Triumph of the Bus

A blog about business and economics.
Dec. 26 2011 10:12 AM

Triumph of the Bus

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A Bolt Bus in Manhattan

Wikipedia photo

One of the most interesting recent economic developments has been the growing appeal of relatively upscale intercity buses as a means of transportation:

Megabus.com and BoltBus led U.S. curbside bus companies that boosted trips by 32 percent this year as travelers opted to leave their cars behind and surf the Internet while traveling, DePaul University researchers said.
The popularity of U.S. intercity buses picking up passengers at the curb rather than in a terminal has been growing since the industry reversed a 46-year decline in 2006, Joseph Schwieterman, director of DePaul’s Chaddick Institute for Metropolitan Development in Chicago, said in a telephone interview. Bus traffic including traditional service grew this year at the fastest pace since 2008, the institute said in astudy released today.
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Like Duncan Black, I'm far from certain that the right way to understand this is actually as intercity bus trips substituting for intercity car rides. The way I would primarily interpret it is as these services leading to additional trips that wouldn't otherwise have been taken. Instead of riding Amtrak to New York once a year, you ride the bus three times instead. But to me the most interesting thing about these services isn't how successful they are right now, but how successful they could be in a future of effective congestion pricing on the northeast's roads. The charges that would be necessary to make a trip up or down I-95 relatively untrafficked would be pretty hefty. Since a bus could spread the price of a congestion charge across many passengers, this would serve to expand the price gap between a bus trip or a car trip. At the same time, however, traffic reduction would substantial cut the speed gap between a bus and Amtrak's Northeast Corridor service.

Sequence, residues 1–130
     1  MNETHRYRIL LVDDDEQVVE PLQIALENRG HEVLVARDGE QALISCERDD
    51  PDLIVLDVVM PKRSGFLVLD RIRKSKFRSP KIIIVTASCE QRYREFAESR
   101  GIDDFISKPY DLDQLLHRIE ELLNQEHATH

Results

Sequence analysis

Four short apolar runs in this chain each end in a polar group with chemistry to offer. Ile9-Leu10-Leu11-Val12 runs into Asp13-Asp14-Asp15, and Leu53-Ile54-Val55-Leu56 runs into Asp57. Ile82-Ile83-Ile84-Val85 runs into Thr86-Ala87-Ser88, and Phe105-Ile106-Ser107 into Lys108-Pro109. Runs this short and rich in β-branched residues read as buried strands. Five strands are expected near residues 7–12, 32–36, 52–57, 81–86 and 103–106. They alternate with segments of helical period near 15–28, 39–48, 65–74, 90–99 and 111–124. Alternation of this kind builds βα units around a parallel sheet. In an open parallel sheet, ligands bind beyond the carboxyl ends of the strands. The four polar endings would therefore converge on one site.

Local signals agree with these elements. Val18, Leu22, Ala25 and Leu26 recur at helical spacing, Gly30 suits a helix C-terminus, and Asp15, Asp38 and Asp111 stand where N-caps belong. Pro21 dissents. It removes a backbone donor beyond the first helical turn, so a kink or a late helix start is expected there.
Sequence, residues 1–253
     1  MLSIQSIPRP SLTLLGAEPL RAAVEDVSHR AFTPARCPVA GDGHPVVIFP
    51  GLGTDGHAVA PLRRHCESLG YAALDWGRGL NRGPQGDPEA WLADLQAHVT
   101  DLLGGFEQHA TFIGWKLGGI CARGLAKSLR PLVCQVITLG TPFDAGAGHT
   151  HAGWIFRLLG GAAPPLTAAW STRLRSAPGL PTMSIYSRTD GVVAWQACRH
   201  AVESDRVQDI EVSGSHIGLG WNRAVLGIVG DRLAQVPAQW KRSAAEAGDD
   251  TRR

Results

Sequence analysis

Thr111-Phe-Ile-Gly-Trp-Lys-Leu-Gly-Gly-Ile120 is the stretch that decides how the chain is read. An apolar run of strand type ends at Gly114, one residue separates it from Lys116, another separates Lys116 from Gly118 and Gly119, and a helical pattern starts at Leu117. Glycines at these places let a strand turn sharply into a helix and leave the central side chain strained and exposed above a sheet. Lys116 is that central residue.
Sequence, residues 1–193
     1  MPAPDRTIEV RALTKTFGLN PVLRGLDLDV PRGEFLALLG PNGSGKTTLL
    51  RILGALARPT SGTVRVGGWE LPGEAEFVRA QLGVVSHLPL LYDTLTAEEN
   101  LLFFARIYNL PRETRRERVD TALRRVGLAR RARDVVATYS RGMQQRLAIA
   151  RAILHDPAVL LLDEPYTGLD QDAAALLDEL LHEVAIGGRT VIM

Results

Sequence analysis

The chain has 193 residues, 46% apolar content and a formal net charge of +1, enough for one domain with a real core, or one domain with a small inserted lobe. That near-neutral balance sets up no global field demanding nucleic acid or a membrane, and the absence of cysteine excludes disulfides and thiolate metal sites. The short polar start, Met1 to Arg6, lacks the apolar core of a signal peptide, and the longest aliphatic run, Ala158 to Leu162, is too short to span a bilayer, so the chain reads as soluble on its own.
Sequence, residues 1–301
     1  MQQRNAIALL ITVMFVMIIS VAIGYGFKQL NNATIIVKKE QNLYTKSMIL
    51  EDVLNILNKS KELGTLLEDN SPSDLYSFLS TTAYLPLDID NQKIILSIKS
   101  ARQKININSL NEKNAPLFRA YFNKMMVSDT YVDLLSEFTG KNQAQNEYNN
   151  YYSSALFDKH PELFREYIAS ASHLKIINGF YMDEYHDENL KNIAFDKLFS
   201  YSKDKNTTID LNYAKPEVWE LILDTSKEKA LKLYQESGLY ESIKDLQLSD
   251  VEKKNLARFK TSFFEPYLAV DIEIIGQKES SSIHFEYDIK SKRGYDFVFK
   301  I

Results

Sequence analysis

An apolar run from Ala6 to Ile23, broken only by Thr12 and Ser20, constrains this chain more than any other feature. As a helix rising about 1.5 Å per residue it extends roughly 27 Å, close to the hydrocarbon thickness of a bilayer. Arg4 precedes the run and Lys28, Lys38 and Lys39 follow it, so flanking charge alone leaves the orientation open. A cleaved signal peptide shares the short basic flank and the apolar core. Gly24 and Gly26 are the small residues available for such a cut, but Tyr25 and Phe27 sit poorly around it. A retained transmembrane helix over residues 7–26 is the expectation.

Non-car intercity transport is always going to be less appealing in other less dense parts of the country since the value of having your car with you at the endpoint is higher. But as those are also the regions that lack recent intercity rail service, the value of a stronger bus option in terms of relieving congestion at airports would in some ways be higher. A little bit lost in the shuffle in the ideological wrangling that seems to have killed dreams of high-speed rail is that as the U.S. adds a hundred million new people over the next forty years, we're definitely going to have to do something to accommodate their movements. We're not exactly building dozens of new airports and you're not going to cut a brand new freeway through New Jersey.

Matthew Yglesias is the executive editor of Vox and author of The Rent Is Too Damn High.

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